Canada’s Home Insurers Undergo Claims Stress Test: J.D. Power

June 6, 2017

A record year for catastrophic disasters, from the Fort McMurray fire to floods in Quebec, have put Canadian home insurers to the test in 2017. According to the J.D. Power 2017 Canadian Home Insurance Study, a spike in major claims has created significant challenges for insurance carriers, with Western regional carriers as a group experiencing a 10-point year-over-year decline in customer satisfaction with the claims process.

J.D. Powers found that a number of insurers turned the situation to their advantage, or their customers’, and still provided laudable customer service.

“Catastrophic claims on the scale of what we’ve been seeing over the past few years in Western Canada, and over the past several weeks in Quebec, have put a tremendous strain on insurance carrier resources, affecting everything from longer than average claim payment cycles to customers experiencing greater annual premium increases,” said Valerie Monet, director of the insurance practice at J.D. Power. “Though the immediate effect of these spikes in claims is felt most by regional carriers, some leaders in the industry have found ways to buck that trend by providing truly great customer experiences even in periods of significant operational stress.”

In the overall relationship customers have with their insurer, claims represent a small component of customer satisfaction since not every customer files a claim. So, while claims satisfaction may be slightly down for regional carriers as a result of increased claim volume in the West, customer satisfaction still has improved overall by 37 points (on a 1,000-point scale) due to insurers significantly improving non-claims interactions through their website, local agent/broker and customer service representatives.

The annual study examines customers’ satisfaction with their homeowners insurance company by examining five factors (in order of importance): non-claim interaction; policy offerings; price; billing and payment; and claims. The non-claim interaction factor includes three subfactors: local agent or broker; call center service representative; and website. Satisfaction is calculated on a 1,000-point scale.

Key Findings

Western regional carriers challenged by Fort McMurray fire: While smaller, regional insurers typically outperform national carriers, claim satisfaction among Western regional carriers as a whole declines 10 points in 2017 to 796 from 806 last year. Conversely, claim satisfaction for national carriers in the Western region has increased 22 points year over year to 805. These changes in satisfaction may reflect capacity constraints put on regional carriers operating in Western Canada stemming from the Fort McMurray fire, which was the largest insured disaster in Canadian history.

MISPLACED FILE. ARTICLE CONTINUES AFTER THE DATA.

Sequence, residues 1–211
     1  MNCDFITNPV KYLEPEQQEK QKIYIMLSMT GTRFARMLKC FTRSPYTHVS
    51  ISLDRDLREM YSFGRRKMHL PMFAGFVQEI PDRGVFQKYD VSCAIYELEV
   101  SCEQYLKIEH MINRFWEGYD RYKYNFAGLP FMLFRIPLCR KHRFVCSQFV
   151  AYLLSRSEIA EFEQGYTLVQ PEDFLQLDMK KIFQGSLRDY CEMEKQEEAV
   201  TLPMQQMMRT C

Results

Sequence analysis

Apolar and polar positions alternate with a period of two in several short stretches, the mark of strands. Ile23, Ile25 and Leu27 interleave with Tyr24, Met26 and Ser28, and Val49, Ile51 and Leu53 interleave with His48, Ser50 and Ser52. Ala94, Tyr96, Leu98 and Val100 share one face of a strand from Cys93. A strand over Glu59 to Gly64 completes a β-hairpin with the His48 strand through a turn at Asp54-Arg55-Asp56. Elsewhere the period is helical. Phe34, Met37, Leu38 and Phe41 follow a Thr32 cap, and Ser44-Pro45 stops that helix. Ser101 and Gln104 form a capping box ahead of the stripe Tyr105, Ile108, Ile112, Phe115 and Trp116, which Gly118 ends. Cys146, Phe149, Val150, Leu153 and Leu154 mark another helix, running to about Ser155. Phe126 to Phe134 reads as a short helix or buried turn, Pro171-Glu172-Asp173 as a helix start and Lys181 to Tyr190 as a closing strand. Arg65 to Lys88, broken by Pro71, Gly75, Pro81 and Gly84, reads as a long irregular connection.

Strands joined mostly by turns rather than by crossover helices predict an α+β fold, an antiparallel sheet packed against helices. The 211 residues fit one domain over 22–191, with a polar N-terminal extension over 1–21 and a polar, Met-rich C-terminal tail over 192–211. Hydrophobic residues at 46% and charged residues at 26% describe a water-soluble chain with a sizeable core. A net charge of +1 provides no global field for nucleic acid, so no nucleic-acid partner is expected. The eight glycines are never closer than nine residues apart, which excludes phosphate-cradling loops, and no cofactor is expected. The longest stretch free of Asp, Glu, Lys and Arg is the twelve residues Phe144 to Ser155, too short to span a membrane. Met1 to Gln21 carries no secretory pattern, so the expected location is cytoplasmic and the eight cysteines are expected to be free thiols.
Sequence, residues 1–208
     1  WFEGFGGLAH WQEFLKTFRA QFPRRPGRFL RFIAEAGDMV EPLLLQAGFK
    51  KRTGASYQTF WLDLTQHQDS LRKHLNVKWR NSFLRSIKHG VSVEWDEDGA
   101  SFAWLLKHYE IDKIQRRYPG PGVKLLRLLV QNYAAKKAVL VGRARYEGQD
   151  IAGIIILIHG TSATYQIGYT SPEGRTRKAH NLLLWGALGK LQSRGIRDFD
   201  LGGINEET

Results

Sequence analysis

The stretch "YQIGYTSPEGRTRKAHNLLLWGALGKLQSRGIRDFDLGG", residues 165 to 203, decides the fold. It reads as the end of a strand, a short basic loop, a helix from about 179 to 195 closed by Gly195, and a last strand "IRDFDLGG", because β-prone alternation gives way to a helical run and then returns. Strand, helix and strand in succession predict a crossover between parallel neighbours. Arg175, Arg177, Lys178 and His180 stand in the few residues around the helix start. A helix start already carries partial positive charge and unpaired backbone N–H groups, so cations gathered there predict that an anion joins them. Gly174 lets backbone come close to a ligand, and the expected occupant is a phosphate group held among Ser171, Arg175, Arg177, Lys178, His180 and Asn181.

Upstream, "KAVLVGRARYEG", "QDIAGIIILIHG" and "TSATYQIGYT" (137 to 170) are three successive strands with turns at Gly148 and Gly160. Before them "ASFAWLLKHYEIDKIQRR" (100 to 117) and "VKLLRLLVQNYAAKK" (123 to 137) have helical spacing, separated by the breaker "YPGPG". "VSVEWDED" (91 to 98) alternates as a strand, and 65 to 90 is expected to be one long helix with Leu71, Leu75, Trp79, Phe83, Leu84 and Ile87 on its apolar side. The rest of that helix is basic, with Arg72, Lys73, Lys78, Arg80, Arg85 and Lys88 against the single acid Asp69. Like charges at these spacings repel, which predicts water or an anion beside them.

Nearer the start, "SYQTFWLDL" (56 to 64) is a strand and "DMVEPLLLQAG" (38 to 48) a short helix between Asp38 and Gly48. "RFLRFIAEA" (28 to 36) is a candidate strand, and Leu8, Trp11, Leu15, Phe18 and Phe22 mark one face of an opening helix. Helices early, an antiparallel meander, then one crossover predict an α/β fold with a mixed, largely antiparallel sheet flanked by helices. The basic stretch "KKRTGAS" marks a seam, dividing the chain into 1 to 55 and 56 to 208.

Disconnect between perceived and actual coverage: It is too soon to assess exactly how the recent floods in Quebec will affect customer satisfaction, but the study does find a disconnect between perceived and actual coverage for flood damage. Nearly half (48 percent) of respondents in Quebec say they have overland flood coverage; however, the Insurance Bureau of Canada estimates only 10-15 percent of Canadian homeowners actually have such coverage.

One key is to manage expectations: While overall satisfaction among those in the Western region who have had to make a claim is lower compared to those in the Atlantic/Ontario region and Quebec (773, 789 and 812, respectively), average satisfaction scores for carriers in the West that provided a timeline for the claim process and met that timeline is 823.

“When dealing with losses on the scale of the Fort McMurray fire, the logistical challenges faced by carriers can be overwhelming,” Monet said. “But those companies that follow best practices for proactive customer communications can still achieve superior levels of customer satisfaction. This has huge implications for carriers currently dealing with an influx of calls stemming from the flooding in Quebec—regardless of whether the customer is covered.”

Study Rankings
  • The Co-operators ranks highest in the Atlantic/Ontario region with a score of 794, followed by Economical Insurance (792) and Allstate (784).
  • RSA Insurance ranks highest in Quebec with a score of 842, followed by La Capitale (832) and The Personal (828).
  • Portage Mutual Insurance ranks highest in the Western region with a score of 801, followed by The Co-operators (791) and BCAA (788).

The 2017 Canadian Home Insurance Study is based on responses from 7,422 homeowners insurance customers. The study was fielded in February-March 2017.

Study Rankings
Overall Customer Satisfaction Index Ranking
(Based on a 1,000-point scale)
Atlantic/Ontario Region Power Circle RatingsTM
For Consumers
The Co-operators 794 5
Economical Insurance 792 5
Allstate 784 4
Intact Insurance 782 4
The Personal 781 3
belairdirect 780 3
RBC Insurance 779 3
Region Average 778 3
Wawanesa 775 3
State Farm 771 3
Aviva Insurance 769 2
Travelers 768 2
RSA Insurance 767 2
TD Insurance 761 2
Johnson Insurance 755 2
Quebec Power Circle RatingsTM
For Consumers
RSA Insurance 842 5
La Capitale 832 4
The Personal 828 4
Promutuel 814 4
SSQ General 813 4
Region Average 804 3
Industrial Alliance 800 3
Desjardins General Insurance 798 3
Aviva Insurance 797 3
TD Insurance 792 2
belairdirect 791 2
Intact Insurance 788 2
Western Region Power Circle RatingsTM
For Consumers
Portage Mutual Insurance 801 5
The Co-operators 791 4
BCAA 788 4
Alberta Motor Association 782 4
SGI Canada 781 4
Intact Insurance 775 4
Region Average 763 3
Wawanesa 754 3
TD Insurance 745 2
Economical Insurance 743 2
Peace Hills General Insurance 741 2
Johnson Insurance 729 2
Aviva Insurance 723 2

Power Circle Ratings Legend

5 – Among the best

4 – Better than most

3 – About average

2 – The rest

Source: J.D. Power

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